decent next steps for those who needed to go further than the light touch of "secrets of the baby whisperer." also handy that it goes into toddlers ams young children with general parenting and discipline advice so I'll be coming back to it when my girl is older.
Rebecca Ingram
I have mixed feelings about this book. It gives great sleeping tips and strategies but is a little unrealistic for a working family. Seriously, is your baby going to end up being a spoiled brat if you have a sliding scale for sleep and naps.
This book explained for me why our first daughter was an amazing sleeper (we accidentally did a lot of things right) and why we're having so much more trouble with her baby sister (accidentally did a lot of things "wrong"). Her advice is framed scientifically by sleep research studies but also with compassion for the sleep-deprived and often desperate parents.

Her advice is, basically, work on sleep training during the day at naptime, and get bedtime right (consistency is key), but don't worry a...more
I think that this book would be most useful to parents of older babies who need to break them of some bad bedtime habits. My son was still young 10 weeks old and was transitioning nicely to a bedtime. I was hoping this was going to help with him not waking up as often at night, but that took a more specific kind of training than this book provides. This book basically says if you can get it right at bedtime then the rest will follow, but it did not for us. I found success with "Twelve hours Slee...more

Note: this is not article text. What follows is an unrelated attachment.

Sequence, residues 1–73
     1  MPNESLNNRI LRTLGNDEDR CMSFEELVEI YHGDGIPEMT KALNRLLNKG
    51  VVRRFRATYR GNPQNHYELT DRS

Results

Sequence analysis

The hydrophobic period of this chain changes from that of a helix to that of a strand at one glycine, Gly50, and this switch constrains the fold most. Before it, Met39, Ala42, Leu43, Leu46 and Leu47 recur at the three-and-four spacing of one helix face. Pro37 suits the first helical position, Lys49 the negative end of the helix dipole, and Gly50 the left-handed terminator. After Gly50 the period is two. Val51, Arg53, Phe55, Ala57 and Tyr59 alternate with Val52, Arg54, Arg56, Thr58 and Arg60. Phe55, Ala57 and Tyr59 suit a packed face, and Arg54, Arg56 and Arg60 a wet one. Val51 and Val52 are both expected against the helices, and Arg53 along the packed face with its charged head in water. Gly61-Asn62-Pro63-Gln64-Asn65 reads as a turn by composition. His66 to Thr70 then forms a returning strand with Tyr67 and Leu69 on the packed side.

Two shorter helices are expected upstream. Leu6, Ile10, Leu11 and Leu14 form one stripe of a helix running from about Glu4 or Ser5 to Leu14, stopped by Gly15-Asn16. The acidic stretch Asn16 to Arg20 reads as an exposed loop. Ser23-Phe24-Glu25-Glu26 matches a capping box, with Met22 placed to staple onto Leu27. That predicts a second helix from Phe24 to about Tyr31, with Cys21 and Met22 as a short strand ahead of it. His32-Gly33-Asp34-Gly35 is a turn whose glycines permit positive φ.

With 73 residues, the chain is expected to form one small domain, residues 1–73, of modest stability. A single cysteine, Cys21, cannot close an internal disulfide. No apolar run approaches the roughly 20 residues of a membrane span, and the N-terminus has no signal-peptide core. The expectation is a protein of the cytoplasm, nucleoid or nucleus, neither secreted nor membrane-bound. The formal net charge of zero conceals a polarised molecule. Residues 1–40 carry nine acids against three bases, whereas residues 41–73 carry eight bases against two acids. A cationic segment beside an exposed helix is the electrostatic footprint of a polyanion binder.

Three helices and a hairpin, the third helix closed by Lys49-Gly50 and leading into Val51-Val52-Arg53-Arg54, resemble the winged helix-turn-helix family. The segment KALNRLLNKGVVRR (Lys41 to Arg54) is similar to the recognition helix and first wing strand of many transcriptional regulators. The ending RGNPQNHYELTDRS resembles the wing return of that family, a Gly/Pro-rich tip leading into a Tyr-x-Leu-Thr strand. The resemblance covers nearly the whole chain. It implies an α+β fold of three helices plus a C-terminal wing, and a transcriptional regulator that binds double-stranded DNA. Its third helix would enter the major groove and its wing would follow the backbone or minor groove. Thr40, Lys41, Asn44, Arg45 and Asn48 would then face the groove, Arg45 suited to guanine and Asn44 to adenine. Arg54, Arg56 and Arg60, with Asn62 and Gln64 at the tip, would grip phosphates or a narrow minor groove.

Within a week and a half, my 4 month old was falling asleep on her own within 5 minutes of being put down, with very few or no tears (no rocking, no singing, no walking, no binky, no nursing....). The following week, we started the same routine for nap times... and now I feel like a new woman! Definitely won't wait so long to start sleep training our next baby...

The author is very knowledgeable and anticipates your questions, so keep reading. Her tone was somewhat preachy at times, but as a new...more
This book was recommended to me by one of the Early Intervention professionals, who binge-read 5 different books on sleep and she liked this the best.
I liked Mindell's recommendations - I'm not too sure why Chapter 3 was entirely focused on behaviors and time out methods - yes, it is useful information but I'm reading this book to get a handle on our sleep troubles!
Probably the 2 best pieces of info are those I've read before, but need to be repeated:
*Put the baby (toddler, whomever!) down AWAKE...more
Not as scientific as other sleep books, which I actually liked (as they seem to rehash the same info in every book).

Interesting tips:
-Always put your baby to bed awake.
-Anything you do to get your baby to sleep needs to be there when he wakes up in the night (for example if you play music, rock your baby to sleep, or nurse him to sleep, you'll need to do this every time he wakes up or he won't be able to get back to sleep). Thus remove all negative sleep associations.
-Set bedtimes and bedtime ro...more
The basic premise is that babies have a hard time sleeping through the night because they don't know how to fall asleep on their own. Your goal is to teach them to do that, through baby steps. That's the part I love - you don't just leave your kid to cry it out. It's a gentler approach. You CAN leave your child to cry, if you can handle it. But for me, I just stood in the room where she could see me, acting like a statue, pretty much. :) After just a few days, once she was tired, she kind of cri...more
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Sleep Deprived No More A Clinical Guide to Pediatric Sleep: Diagnosis and Management of Sleep Problems Issues in Clinical Psychology Take Charge of Your Child's Sleep: The All-in-One Resource for Solving Sleep Problems in Kids and Teens Sleep in Children and Adolescents, an Issue of Pediatric Clinics